(Note: if AT&T’s throttling is affecting you too, please follow me on twitter as I’ll be continuing to broadcast my investigation there)
Looks like AT&T has a new system to rid itself of the remaining unlimited data plan accounts: throttling.
Last month, I got a troubling text message from the cell phone carrier with some news — not one of their updates to let me know that the card on file has expired — this was something new, something domineering in its faux-friendly tone.
ATT Free Msg: Your data use is approaching the top 5% of users. Avoid reduced data speeds, use Wi-Fi where available. Visit att.com/dataplans or call 8663447584.
A confusing message — I’ve been with AT&T since the early iPhone days, and still have their unlimited data plan. Who were these “top 5%?” What type of use were they seeing? Had someone hacked into my phone account and started torrenting BlueRay movies? I checked my data usage for the month: a very mediocre 2.4gb — and this was about three weeks into the billing cycle (btw, I’m on a family plan, but data is reported separately).
Three days later, it happened. I officially joined the five-percenters, as announced by another, almost identically worded, ATT free text message:
ATT Free Msg: Your data usage is among the top 5% of users. Data speeds for this bill cycle may be reduced. Visit att.com/dataplans or call 8663447584.
For the rest of that day, things seemed fine. But one day later, my phone became nearly unusable for any type of communication other than making calls (and it’s well documented how unreliable calls can be on AT&T). My downloading data speeds took a nosedive from a very useable 3G, straight past Edge, and into some nether-data-region that had the patience-mocking feel of trying to carry an internet connection via Morse code. I believe this is what some call 2G.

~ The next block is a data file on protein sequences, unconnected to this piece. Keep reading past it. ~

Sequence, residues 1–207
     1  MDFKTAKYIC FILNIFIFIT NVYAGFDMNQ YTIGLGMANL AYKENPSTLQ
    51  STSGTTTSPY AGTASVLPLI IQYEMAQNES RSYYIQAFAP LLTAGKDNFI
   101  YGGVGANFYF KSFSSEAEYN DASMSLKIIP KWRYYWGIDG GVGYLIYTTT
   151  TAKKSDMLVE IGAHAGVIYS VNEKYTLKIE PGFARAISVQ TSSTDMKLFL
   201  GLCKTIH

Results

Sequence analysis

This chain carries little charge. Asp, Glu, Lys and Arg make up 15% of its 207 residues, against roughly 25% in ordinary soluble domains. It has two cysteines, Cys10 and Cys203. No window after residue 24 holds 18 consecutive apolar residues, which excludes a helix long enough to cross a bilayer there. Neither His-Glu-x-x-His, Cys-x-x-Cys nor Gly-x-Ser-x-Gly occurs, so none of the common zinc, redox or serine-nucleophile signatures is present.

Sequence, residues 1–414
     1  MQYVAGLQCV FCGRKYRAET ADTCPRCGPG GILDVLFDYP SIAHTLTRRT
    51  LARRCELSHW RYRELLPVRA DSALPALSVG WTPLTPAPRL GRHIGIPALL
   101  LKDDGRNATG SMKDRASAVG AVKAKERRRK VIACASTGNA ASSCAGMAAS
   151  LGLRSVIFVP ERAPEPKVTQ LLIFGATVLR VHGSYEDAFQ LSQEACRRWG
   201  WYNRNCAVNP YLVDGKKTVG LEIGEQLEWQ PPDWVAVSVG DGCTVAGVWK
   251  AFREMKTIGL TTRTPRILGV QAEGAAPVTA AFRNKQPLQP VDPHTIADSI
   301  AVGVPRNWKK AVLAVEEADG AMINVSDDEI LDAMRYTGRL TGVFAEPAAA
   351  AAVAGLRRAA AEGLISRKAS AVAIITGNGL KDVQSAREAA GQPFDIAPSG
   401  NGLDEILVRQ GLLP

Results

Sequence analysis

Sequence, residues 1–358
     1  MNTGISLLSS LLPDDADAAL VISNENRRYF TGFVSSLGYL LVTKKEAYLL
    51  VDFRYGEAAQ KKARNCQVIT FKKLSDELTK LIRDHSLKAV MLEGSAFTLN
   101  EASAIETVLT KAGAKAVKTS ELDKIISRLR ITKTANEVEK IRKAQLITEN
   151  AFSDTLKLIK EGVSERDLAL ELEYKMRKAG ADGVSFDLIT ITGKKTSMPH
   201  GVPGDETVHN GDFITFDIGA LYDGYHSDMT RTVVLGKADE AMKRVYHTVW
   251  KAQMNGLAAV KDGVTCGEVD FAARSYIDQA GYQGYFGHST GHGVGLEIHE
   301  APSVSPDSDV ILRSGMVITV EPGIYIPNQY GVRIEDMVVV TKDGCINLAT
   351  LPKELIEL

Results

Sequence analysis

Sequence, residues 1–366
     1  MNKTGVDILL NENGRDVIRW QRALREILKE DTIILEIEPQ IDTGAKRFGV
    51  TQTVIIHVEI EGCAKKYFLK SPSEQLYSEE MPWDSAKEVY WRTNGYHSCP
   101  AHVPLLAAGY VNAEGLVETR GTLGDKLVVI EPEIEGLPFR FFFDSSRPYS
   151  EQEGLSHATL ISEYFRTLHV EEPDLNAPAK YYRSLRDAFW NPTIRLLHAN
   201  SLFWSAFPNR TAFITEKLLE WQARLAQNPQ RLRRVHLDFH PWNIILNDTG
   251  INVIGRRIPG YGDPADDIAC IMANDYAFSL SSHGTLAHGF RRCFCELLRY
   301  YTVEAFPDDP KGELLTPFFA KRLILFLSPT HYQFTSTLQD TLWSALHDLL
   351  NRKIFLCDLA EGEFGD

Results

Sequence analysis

Interestingly, upload speeds weren’t as affected, but uploading data doesn’t help much when you’re on the road, trying to load a map of where you are and where you need to be.
Due to the work I do, AT&T’s simply suggested “connect to wifi” solution wasn’t applicable for me — nor do I think that someone should have to pay AT&T twice to use one device. I called and was connected with a very friendly representative (I can only imagine the size of their call centers), who was very thankful for my patient tone and for being respectful to her (what can I say, I’m a nice guy).
In our call, she gave me some interesting information:
– These “top 5% of users” messages are only being sent to those with unlimited data plans. Tiered data plan contract holders (3GB and 5GB, currently) are money makers for AT&T with $10/GB after using the allotment, and therefore aren’t factored into the 5% of data users.
– The average iPhone owner uses 2gb of data a month (receiving my notification at 2.4gb, this must be an extremely steep bell curve).
– The group that the data use is compared to isn’t national — it’s regional. But the representative didn’t know what the size of the region was (city-wide? neighborhood?). That means that someone in Manhattan is being compared to an entirely different usage pattern than someone, say, in Barrow Alaska.
She agreed that it seemed odd that my alert was being sent at just 2.4gb. She had been on the phone with customers experiencing the same issue all day, and said some of them were in the 50gb range — and agreed that speaking with a manager could help me uncover some useful information. A request was placed to have someone call me back in 72 hours.